of county development code
Castle County Chamber of Commerce called for a comprehensive
overhaul of the Unified Development Code to make it more
receptive to commercial development and stave off what its
president charged is "a very uncertain economic future."
told a meeting of County Council's economic development
committee that a downturn in the county's ability to attract
job-creating businesses and expand what is here "can be traced
back to 1997 when the [development code] came into effect."
From 1980 until
then, he said, county government policy was "pro-growth." Since
then, he charged, it has tilted to favoring a "no-growth, nimby"
attitude furthered by so-called 'umbrella' civic organizations.
'Nimby' is an acronym for 'not in my back yard'.
"We need to move to
a sense of balance" between 'business concerns' and 'community
concerns', he said. "We need to look at some updates to [the
general manager of the Department of Land Use, which administers
the development code, said the department is currently in the
process of producing "a series of ordinances that address a lot
of concerns about it."
It has, for
instance, engaged Thomas Comitta Associates, a planning
consultant firm, to help produce mixed-use development
regulations, he said.
cited the just-enacted ordinance which reduces approval of
proposed rezonings and major development plans to a two-step
rather than a three-step process as an example of efforts to
address concerns about the code. He pointed out that there have
been many changes made over the years.
At the committee meeting on Oct. 27, Kleinschmidt said the
chamber of commerce wants to see seven specific "updates" made
to the development code:
Promote mixed-use development by amending the definition of what
is acceptable, allowing as few as two uses to be considered
'Update' density standards by reducing the open-space
requirement and increasing floor-area ratios in areas other than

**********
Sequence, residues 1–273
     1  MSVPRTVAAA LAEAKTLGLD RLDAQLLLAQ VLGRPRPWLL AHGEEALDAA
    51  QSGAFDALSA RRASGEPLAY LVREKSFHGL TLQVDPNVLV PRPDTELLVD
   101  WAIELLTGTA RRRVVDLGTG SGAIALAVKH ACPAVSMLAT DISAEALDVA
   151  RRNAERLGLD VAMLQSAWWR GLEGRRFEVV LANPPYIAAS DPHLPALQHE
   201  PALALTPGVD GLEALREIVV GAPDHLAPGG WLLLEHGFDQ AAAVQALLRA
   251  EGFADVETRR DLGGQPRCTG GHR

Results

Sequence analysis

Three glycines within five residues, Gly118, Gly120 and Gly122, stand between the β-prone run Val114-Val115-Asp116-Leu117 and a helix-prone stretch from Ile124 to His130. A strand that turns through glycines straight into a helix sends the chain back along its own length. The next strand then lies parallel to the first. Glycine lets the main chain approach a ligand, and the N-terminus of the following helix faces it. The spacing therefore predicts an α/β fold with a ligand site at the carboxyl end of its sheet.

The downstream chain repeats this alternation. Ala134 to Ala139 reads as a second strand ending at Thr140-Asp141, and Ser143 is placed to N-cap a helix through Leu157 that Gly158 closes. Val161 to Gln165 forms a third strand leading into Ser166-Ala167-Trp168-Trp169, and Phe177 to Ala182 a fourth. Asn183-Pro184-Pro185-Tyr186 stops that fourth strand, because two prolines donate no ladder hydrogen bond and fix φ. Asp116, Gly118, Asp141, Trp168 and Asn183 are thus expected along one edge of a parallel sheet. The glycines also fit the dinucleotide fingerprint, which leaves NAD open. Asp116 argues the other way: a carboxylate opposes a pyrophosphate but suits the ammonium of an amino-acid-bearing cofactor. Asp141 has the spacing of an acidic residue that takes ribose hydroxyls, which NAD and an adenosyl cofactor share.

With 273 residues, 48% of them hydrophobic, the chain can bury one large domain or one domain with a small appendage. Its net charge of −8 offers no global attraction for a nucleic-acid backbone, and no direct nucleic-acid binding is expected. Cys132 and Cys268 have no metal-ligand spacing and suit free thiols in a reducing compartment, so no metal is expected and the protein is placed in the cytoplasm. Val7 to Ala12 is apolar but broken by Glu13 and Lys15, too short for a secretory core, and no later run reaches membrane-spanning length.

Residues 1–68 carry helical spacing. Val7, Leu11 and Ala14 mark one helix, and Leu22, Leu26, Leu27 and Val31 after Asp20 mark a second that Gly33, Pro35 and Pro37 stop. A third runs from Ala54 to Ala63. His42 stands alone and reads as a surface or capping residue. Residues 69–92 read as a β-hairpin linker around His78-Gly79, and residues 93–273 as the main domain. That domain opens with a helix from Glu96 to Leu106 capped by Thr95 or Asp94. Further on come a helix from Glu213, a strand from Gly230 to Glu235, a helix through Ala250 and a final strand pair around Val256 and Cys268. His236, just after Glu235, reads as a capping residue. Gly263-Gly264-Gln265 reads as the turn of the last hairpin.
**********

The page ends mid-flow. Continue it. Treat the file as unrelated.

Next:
those zoned residential.
Expand redevelopment of marginal and blighted sites by more
"reasonable" renovation and demolition ratios.
• Shorten the approval process for development plans by
eliminating the "uncertain timetable" for approvals by
participating regulatory agencies. Shorten the approval process
for rezonings by not limiting County Council approval votes to
just three times a year. (That proposal appears to have been
satisfied by some of the provisions of the two-step process
ordinance which Culver cited.)
Standardize interpretations of the development code and provide
that, when there is uncertainty about code provisions, the
Department of Land Use interpret it "in favor of the applicant."
'Update' definitions of steep slopes and riparian buffers to
make the requirements more liberal.
Include economic-impact statements in plans for major commercial
development and rezoning proposals.
Absent efforts to bring about such changes, Kleinschmidt said,
the chamber, which claims to have more than 1,700 members --
mostly small- and medium-size businesses -- will actively oppose
any increases in taxes or fees and regulations changes "that
increase costs to business" during the coming year.
indicated that the business organization will push for speedy
support for its proposals. "We don't have a lot of time," he
said. "We'll be coming out of the 'Great Recession' some time in
2010 and we need to support business growth." Otherwise, he
added, "when recovery comes we'll fall further behind."
Looking further into the future, he said, "we're going to be
doing a lot of driving to see our children and grandchildren
because they are not going to be working here."
time allotted for the committee meeting running short, Council
members had limited reactions to Kleinschmidt's presentation.
Penrose Hollins said some of his unfavorable comparisons of
county government's jurisdiction with some municipal
governments, such as Middletown, were the result of their
ability to annex territory without having to overcome
state-imposed restrictions which apply only to Wilmington. And,
he said, "you can't blame the [development code] for things like
Du Pont [company] exporting jobs."
Council President Paul Clark acknowledged that "we often pass
legislation without knowing the cost-benefit impact of that